Place on a piece of parchment on a baking sheet or pizza peel. Cover with plastic wrap and allow to proof (rise) in a warm, draft-free area until visibly larger in size but not doubled, approximately 1 hour (although this could take longer depending on the temperature of your space).

shaping mock rye bread

Baking Gluten Free Mock Rye Bread

Just like almost any loaf of gluten free bread I make, baking this rye bread is no different. Setting up a mock commercial oven and using steam for oven spring (rise) is so normal to most of us now, right?

On the middle rack of your oven, place a baking steel or baking stone. On the bottom rack, place a shallow pan, such as a broiler pan. Preheat the oven to 450 degrees F.

Once the oven has been preheated, slide the shaped loaf onto a baking steel or stone (a pizza peel or paddle is perfect for this job), parchment and all. Immediately pour one cup of very hot tap water into the shallow pan and close the oven door.

Bake for 30-35 minutes for a smaller loaf or 35-40 minutes for a larger loaf, or until hollow sounding when tapped.

Remove the bread from the oven (using the same pizza peel) and place it on a wire rack. Allow to cool completely before slicing. The crust will soften as it cools. Look at how soft this bread is ⬇⬇⬇ Eeeek!!!!

squished piece of gluten free mock rye bread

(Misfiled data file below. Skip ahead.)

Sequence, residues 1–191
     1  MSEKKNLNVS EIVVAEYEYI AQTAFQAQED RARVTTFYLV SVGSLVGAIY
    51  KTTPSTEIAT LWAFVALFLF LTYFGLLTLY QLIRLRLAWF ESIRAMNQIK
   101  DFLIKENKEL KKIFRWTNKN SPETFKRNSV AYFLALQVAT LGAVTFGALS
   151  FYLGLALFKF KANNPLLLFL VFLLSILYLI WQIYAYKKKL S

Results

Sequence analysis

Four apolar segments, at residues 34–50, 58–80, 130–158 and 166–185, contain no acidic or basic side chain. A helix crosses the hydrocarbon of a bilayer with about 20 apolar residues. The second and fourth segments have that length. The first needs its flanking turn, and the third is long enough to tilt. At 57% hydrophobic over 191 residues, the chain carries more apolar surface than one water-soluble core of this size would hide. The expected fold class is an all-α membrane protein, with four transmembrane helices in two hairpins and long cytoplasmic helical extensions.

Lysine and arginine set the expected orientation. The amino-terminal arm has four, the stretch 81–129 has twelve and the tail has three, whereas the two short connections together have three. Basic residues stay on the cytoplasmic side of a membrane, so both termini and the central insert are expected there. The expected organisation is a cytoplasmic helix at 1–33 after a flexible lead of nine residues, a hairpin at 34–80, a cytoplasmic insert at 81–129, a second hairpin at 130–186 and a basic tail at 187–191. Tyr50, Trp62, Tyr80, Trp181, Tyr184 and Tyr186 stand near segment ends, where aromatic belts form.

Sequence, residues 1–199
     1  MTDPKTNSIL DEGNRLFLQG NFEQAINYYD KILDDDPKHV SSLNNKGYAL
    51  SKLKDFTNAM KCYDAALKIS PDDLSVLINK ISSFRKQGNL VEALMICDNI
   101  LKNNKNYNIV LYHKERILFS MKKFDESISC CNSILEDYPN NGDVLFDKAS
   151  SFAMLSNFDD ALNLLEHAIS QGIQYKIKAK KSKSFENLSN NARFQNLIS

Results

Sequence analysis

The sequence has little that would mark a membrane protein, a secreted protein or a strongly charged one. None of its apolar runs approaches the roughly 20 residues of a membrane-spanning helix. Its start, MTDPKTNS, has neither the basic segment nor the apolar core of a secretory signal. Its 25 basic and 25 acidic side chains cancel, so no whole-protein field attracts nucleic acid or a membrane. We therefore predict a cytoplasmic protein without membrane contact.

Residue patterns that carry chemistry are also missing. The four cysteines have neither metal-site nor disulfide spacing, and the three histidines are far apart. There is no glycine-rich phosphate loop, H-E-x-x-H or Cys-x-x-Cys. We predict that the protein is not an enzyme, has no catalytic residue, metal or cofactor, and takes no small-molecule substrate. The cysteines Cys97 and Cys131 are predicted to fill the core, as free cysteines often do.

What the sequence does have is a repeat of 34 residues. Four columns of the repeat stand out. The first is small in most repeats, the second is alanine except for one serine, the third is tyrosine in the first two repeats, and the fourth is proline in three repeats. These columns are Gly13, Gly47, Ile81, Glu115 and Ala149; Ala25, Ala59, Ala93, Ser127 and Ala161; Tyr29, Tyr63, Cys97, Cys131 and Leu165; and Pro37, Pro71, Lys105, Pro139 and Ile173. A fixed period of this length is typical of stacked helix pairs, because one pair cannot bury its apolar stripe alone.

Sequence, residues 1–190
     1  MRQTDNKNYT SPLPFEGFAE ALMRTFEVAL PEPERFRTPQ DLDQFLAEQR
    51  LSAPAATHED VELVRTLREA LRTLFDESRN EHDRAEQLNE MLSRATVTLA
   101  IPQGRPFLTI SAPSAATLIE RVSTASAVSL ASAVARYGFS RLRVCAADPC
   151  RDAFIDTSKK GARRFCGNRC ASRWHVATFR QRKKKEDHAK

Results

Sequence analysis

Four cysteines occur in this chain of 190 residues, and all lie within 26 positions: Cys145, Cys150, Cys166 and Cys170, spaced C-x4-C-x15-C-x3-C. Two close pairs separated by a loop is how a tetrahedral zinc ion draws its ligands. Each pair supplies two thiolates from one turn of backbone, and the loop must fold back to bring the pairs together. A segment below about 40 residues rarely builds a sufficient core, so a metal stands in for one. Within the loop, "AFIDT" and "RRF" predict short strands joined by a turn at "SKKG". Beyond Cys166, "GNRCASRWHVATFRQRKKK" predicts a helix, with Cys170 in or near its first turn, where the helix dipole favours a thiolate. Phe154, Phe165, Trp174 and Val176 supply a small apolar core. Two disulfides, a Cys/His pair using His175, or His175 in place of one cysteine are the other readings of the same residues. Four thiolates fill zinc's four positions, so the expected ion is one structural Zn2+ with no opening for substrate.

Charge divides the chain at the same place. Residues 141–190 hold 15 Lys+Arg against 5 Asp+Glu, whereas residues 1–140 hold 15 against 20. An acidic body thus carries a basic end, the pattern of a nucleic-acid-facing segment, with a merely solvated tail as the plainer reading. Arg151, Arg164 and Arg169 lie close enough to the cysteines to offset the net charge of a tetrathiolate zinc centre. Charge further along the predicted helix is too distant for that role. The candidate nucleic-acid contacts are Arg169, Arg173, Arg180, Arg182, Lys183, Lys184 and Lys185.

The Reuben

I think my favorite sandwich ever has to be a Reuben. Any time they can make a sandwich gluten free by subbing the bread, I always look to see if they have a Reuben on the menu.

If you don’t know what a Reuben is, it’s a sandwich made with rye bread and is loaded with corned beef, sauerkraut, Swiss cheese, and Russian dressing. It’s usually grilled, but not always. I will eat it any way you give it to me and love every bite!

Slice leftover corned beef super thin. The best way to do this is to freeze it slightly so it’ll be easier to cut very thin. Slather both pieces of your gluten free mock Rye bread with Russian dressing. If you can’t find Russian dressing, you can make it from this recipe here (or substitute Thousand Island).

Pile the thinly sliced corned beef high, followed by a good amount of sauerkraut. The sauerkraut makes the Reuben, but if you really don’t like it you can still have a great sandwich. It just won’t be a true Reuben.

Finally, add a slice of Swiss cheese and top it all with the other slice of bread. Butter the outside of the bread and grill in a skillet or panini press (or leave it as is). Serve with a dill pickle spear.

reuben on gluten free mock rye bread

What are you waiting for? Break out that leftover corned beef, bake a loaf (or two) of gluten free mock rye bread, and make a Reuben!!

reuben on gluten free mock rye bread

Gluten Free Mock Rye Bread & Reuben Sandwich

Don't know what to do with all that corned beef leftover from St. Patrick's Day? Bake this gluten free mock rye bread and make a reuben! It has all the flavor and none of the gluten 🙂
4.42 from 24 votes
Prep Time 10 minutes
Cook Time 30 minutes
Proofing and Chilling Time 6 hours
Total Time 6 hours 40 minutes
Course bread
Cuisine American
Servings 1 large or 2 small loaves


  • 3 cups plus 3 tbsp (453 g) Kim's gluten free bread flour blend***
  • 2 tbsp plus 1 tsp (29 g) granulated sugar
  • 2 tsp kosher salt
  • 2 tsp rapid rise yeast
  • cups milk
  • 4 tbsp butter, melted
  • 2 tbsp caraway powder (caraway seeds ground fine in coffee/spice grinder)
  • 1 tbsp caraway seeds, if desired
  • 2 tbsp unsweetened cocoa powder